Long story short, my weekly routine should look like this: 1 long run + 2-3 lifting sessions + 1 speed workout – any heat-related excuses = a successful Marine Corps Marathon.

That being said, I’m off to the gym! Tomorrow, I think I’m going to break out the earbuds, knock out 12 miles as early as possible, and use coffee, a strawberry-banana-chocolate crepe, and a nap as incentive to get ‘er done.

Until next week, happy running everyone!

QUOTE OF THE POST: There’s no such thing as bad weather, just soft people. – Bill Bowerman

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A Reality Check in the Form of Bootcamp

On Monday, I got guilt-tripped into attending a bootcamp session that my work put on during lunch. To be honest, I really wasn’t in the mood to display my glaring lack of upper-body strength (my coworkers and I liken our flimsy limbs to those on windsock men) and coordination to the world, not to mention I haven’t lifted in almost a year. But heck, hadn’t I just knocked out a super-hilly 20-miler last weekend? Bootcamp should be a piece of cake compared to that…Man was that logic flawed.

For warmup, we had to do bear crawls while dodging rabbit poo. Awesome.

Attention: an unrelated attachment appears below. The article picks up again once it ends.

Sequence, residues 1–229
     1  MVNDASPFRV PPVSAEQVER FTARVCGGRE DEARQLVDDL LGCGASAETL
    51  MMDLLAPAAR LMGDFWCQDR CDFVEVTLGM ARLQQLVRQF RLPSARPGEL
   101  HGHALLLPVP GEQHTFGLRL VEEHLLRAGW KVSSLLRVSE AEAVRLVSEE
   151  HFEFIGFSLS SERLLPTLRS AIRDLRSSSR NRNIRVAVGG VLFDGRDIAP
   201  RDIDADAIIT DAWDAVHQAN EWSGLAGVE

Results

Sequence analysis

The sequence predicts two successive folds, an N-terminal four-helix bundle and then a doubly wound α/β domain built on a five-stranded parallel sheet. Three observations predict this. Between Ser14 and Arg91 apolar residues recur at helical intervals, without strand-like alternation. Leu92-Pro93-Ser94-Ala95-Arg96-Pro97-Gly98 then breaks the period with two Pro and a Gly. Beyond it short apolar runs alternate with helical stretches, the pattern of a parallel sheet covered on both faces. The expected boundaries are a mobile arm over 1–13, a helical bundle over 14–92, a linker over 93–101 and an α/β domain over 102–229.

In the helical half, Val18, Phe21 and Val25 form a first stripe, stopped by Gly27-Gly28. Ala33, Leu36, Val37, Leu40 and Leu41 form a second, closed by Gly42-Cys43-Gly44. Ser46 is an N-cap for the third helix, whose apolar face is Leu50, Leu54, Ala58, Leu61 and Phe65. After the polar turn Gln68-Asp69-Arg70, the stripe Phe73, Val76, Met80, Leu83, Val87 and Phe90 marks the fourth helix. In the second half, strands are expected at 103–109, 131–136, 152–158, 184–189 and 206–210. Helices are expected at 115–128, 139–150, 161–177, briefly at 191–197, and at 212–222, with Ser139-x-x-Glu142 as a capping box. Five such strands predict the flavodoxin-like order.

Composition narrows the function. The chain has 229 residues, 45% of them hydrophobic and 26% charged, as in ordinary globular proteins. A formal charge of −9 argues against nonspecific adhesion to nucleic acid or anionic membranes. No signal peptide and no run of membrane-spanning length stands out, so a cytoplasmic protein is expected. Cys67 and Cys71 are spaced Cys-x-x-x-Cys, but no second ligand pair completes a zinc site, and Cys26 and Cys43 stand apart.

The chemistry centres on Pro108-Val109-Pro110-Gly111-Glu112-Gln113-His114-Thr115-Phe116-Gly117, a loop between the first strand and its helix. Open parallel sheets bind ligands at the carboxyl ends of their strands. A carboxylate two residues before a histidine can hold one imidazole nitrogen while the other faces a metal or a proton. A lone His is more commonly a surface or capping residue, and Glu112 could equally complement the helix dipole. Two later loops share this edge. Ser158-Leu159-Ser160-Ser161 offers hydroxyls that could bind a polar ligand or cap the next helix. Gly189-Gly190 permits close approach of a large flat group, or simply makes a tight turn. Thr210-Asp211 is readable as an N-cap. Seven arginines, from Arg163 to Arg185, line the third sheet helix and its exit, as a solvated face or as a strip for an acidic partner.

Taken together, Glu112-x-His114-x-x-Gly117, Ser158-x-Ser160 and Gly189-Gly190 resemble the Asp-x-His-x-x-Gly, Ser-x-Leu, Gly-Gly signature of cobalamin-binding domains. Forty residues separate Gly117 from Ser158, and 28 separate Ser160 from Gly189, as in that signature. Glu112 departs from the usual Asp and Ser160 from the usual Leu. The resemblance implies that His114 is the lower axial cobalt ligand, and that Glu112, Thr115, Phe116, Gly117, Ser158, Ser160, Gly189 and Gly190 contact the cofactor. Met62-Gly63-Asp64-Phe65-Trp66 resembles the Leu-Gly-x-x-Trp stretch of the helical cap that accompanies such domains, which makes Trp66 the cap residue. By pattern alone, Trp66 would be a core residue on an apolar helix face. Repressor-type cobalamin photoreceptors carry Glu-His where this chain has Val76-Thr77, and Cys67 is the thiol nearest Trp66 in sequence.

For warmup, we had to do bear crawls while dodging rabbit poo. Awesome.

Not 10 minutes into the strength segment of the class, my air-squat-induced screaming quads and already-fading biceps and triceps thanks to endless sets of push-ups had me silently directing a steady stream of obscenities at our instructor. Say what now? You want us to do another set of mountain climbers and push-ups? I can’t even hold the plank position anymore! I mumbled to my coworker that I’d do mile repeats over this any day of the week. Adding insult to injury, we mixed in sets of step-ups and bench dips.

To cap off the session, the instructor challenged us to 200 air squats, 100 push-ups, and 50 burpees to divide between groups of two. Say what now?!? I stood there a little dumbfounded at the prospect of 50 push-ups after the already intense session we had just completed. But ahh alright, alright. Challenge accepted.

See that? Yeah, it was "soul-crushing."